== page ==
Raksha Bandhan being celebrated today

Raksha Bandhan, the traditional Indian festival of brothers and sisters re-affirming their love for each other, is being celebrated with great gusto in the city today with gift shops, confectioners and other businesses reporting an increase in their sales.

By Prerna Suri

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Published: Mon 30 Aug 2004, 11:22 AM

Last updated: Tue 22 Nov 2022, 10:47 AM

The festival, which is traditionally celebrated in North India, begins in the morning with sisters tying a thread (raakhi) around their brother’s wrists, and marking their forehead with red vermilion powder. The brother’s in exchange, vow to protect their sisters from any danger, which they may face and present them with gifts, thus marking raksha bandhan (the bond of protection).

The traditional raakhi being sold in Dubai’s markets saw a metamorphosis this year, with many shops selling ‘funky’ raakhis with cartoon faces on it replacing the traditional red and golden strands.


Dilip Khiara, Director of Khiara Traders, one of the oldest distributors of raakhi merchandise in Dubai, said that these new raakhis have become extremely popular amongst children with most of his stock running out due to the huge demand.

“We have raakhis with Spiderman, Donald Duck and other cartoon characters on them which children are very excited about. They love the idea of tying raakhis to their siblings in their own unique manner,” he said.


The traditional sweets too, which are exchanged during the festival are also being increasingly replaced with chocolates and dry fruits.

“Premium chocolate brands are very popular amongst our customers who wish to gift their loved ones something unique on this special occasion. Apart from that, silver charm bracelets are also getting very popular along with amulets with silver strands on them instead of a simple thread,” said Rahul S, Manager of a leading supermarket in Dubai. There are still, however, plenty of takers of the traditional way, who say that the festival should not be commercialised to suit anybody’s benefits.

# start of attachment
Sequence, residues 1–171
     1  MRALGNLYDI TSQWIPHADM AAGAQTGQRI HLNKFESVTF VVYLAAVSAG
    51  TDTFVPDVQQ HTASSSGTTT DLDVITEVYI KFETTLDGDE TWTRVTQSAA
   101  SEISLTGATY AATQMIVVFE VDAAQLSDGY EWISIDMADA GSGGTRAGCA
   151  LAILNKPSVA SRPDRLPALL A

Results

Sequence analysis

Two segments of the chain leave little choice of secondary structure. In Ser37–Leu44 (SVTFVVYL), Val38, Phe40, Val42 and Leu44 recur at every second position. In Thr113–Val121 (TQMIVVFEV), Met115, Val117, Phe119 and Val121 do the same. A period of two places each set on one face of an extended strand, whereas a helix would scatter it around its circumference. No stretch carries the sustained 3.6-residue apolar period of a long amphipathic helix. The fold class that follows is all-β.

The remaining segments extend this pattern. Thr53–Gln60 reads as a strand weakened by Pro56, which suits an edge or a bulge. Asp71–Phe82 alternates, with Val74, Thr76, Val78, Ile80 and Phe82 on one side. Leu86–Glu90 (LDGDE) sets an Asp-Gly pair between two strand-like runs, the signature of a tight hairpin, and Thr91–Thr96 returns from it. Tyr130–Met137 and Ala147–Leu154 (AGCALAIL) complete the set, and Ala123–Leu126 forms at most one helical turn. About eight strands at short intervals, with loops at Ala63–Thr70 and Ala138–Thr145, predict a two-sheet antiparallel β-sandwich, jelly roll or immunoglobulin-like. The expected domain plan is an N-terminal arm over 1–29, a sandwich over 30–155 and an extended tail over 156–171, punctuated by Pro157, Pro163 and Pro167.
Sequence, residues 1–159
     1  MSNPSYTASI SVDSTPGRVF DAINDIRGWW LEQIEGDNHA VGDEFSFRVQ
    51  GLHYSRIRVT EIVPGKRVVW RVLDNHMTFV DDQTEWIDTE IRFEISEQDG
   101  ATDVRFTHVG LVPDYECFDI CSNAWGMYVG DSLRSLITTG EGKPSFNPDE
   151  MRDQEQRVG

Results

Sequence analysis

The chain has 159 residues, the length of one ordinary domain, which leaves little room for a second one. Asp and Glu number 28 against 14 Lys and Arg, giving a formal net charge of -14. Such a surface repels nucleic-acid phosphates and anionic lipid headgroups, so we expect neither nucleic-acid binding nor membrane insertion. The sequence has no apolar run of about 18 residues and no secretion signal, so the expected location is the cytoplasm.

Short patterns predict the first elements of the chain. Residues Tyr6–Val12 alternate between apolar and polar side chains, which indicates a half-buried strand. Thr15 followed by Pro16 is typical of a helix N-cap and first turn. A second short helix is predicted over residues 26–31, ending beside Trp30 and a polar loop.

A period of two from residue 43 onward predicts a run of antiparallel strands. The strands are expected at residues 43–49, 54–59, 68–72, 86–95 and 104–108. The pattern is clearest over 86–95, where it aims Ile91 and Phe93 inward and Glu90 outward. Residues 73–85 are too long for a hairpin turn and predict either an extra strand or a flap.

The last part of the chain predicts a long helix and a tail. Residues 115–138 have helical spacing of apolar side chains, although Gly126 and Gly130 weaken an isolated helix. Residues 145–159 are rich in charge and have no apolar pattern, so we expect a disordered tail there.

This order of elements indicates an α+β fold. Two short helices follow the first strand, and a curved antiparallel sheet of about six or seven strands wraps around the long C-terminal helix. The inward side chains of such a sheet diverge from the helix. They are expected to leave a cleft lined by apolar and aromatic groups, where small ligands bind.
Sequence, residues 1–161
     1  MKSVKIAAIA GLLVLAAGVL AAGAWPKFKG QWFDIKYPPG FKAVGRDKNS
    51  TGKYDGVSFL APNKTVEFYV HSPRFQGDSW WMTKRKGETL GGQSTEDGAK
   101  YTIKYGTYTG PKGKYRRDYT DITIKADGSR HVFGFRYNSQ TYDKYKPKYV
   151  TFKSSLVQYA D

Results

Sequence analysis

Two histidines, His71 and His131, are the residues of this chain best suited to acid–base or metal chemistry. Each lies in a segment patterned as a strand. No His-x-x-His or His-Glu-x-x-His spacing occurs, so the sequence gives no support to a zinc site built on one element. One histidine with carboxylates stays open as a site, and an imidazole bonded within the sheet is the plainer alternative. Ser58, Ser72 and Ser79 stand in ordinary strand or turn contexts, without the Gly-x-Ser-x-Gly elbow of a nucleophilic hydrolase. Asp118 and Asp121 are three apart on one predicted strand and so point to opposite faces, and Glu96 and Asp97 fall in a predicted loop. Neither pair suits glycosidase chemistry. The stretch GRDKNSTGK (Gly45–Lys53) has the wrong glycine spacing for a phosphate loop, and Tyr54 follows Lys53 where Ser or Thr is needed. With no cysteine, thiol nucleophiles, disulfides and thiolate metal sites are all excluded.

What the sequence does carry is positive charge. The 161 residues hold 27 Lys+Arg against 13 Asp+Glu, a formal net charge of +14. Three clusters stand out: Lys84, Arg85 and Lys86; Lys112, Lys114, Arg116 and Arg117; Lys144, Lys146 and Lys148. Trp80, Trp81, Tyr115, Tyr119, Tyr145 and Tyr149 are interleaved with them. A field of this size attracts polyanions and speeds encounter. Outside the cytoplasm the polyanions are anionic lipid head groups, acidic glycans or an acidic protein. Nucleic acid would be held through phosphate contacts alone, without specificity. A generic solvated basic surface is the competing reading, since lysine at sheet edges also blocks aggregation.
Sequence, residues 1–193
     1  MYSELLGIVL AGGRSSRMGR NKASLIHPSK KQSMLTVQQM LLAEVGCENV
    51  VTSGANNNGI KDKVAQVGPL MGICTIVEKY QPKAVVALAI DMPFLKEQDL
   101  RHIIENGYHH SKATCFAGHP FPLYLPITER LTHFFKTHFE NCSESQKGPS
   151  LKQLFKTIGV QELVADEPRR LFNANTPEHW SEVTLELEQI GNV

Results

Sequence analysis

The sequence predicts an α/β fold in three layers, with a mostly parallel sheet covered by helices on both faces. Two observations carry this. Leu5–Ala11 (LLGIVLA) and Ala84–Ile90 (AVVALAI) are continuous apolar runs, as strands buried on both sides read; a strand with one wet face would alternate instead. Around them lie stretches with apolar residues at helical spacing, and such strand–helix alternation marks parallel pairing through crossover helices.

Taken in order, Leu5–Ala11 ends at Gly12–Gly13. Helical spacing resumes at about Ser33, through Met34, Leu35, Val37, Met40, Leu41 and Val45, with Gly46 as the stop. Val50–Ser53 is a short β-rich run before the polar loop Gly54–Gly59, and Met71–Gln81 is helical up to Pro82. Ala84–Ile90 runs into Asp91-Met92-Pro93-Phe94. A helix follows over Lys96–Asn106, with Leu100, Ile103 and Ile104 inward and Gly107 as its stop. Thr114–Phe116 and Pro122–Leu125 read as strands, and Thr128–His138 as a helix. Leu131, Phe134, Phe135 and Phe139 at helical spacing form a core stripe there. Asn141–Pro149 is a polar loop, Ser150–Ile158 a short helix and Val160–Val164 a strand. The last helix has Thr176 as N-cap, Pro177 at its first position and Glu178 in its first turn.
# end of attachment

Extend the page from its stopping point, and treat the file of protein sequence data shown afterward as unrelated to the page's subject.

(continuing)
“Raakhi is an emotional day for me as it is the one day that I can voice out feelings of love for my sister. I would prefer a simple silk thread over any of these bracelets any day and feel that the spirit of the occasion should not be diluted by commercial concerns,” said Rajiv Malhotra, a businessman.

Other unique ways of tying a raakhi to loved ones back home are also available with many web sites providing ‘on-line raakhis’ for sisters to tie to their brothers.

“My brother is in India at the moment and instead of sending him a traditional raakhi, I decided to send him an online one. Its very good as he gets it on time and it saves me the problem of sending it by post, “ said Sudha Mahendran, a grade 12 student.

Raakhi in university

DUBAI - Students of the Brahmakumaris Worldwide University are celebrating the Indian festival of raakhi today. They will take the pledge to uphold the values of universal brotherhood and spread the vibrations of love and purity amongst them.

The Brahmakumaris University is an international organisation recognised by WHO and UNICEF and has received International Peace Messenger awards from the UN. For more information, please contact the coordinator on 050- 3592608.


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